There is a well-established inverse relationship between cardiorespiratory fitness (CRF) and mortality. However, this relationship has almost exclusively been studied using estimated CRF.
This study aimed to assess the association of directly measured CRF, obtained using cardiopulmonary exercise (CPX) testing with all-cause, cardiovascular disease (CVD), and cancer mortality in apparently healthy men and women.
Participants included 4,137 self-referred apparently healthy adults (2,326 men, 1,811 women; mean age: 42.8 ± 12.2 years) who underwent CPX testing to determine baseline CRF. Participants were followed for 24.2 ± 11.7 years (1.1 to 49.3 years) for mortality. Cox-proportional hazard models were performed to determine the relationship of CRF (ml·kg-1·min-1) and CRF level (low, moderate, and high) with mortality outcomes.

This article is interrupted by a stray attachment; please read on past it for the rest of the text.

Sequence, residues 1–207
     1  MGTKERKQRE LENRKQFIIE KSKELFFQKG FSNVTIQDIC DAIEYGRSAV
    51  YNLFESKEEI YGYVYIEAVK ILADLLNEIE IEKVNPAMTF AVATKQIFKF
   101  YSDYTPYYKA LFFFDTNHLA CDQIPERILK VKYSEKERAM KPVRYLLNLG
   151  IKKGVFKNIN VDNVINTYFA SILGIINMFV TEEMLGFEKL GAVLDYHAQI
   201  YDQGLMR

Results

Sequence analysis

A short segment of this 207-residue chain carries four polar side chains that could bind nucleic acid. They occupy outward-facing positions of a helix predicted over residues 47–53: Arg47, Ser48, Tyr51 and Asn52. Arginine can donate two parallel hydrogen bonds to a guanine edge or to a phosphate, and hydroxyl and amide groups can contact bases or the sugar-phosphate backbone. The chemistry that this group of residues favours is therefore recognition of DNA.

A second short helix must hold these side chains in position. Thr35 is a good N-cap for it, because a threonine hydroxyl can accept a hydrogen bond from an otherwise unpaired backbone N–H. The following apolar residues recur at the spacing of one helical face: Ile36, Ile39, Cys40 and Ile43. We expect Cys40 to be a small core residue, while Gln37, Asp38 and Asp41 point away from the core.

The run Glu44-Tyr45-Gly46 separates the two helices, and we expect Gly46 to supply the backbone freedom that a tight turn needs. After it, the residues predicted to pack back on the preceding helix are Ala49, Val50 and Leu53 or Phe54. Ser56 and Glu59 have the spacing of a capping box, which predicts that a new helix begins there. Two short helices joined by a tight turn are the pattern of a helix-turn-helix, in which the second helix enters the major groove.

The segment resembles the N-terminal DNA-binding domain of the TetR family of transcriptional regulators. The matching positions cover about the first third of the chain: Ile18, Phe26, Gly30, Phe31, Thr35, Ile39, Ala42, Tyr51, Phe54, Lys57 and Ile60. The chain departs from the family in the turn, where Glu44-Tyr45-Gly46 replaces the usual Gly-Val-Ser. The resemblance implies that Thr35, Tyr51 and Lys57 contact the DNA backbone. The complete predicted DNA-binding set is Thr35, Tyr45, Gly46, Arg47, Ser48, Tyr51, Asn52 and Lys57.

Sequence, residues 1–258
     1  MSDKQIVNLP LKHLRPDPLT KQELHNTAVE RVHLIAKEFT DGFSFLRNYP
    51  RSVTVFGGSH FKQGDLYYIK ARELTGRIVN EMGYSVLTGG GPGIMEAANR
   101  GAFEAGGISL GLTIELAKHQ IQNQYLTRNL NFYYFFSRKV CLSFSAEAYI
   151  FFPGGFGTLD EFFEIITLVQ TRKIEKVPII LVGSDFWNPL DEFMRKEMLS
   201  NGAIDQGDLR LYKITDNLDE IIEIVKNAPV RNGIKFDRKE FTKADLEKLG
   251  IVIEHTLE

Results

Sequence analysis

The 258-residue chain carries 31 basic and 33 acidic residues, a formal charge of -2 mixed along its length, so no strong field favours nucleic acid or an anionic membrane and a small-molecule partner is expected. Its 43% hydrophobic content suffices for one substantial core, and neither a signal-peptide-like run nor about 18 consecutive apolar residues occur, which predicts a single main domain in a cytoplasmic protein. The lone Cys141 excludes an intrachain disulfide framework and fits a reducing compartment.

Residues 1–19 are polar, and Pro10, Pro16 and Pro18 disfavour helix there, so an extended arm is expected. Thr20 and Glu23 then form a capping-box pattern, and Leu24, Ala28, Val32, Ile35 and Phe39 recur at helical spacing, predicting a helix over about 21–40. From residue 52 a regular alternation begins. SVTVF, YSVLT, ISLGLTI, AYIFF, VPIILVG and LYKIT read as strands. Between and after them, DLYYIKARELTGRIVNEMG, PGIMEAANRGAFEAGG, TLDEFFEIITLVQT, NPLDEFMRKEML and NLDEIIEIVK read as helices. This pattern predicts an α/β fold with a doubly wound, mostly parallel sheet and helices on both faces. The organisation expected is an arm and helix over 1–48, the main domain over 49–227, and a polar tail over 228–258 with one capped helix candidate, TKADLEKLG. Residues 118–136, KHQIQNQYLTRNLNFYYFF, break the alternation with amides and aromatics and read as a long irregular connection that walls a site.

During follow-up, 727 participants died (524 men, 203 women). CPX-derived CRF was inversely related to all-cause, CVD, and cancer mortality. Low CRF was associated with higher risk for all-cause (hazard ratio [HR]: 1.73; 95% confidence interval [CI]: 1.20 to 3.50), CVD (HR: 2.27; 95% CI: 1.20 to 3.49), and cancer (HR: 2.07; 95% CI: 1.18 to 3.36) mortality compared with high CRF. Further, each metabolic equivalent increment increase in CRF was associated with a 11.6%, 16.1%, and 14.0% reductions in all-cause, CVD, and cancer mortality, respectively.
Given the prognostic ability of CPX-derived CRF for all-cause and disease-specific mortality outcomes, its use should be highly considered for apparently healthy populations as it may help to improve the efficacy of the individualized patient risk assessment and guide clinical decisions.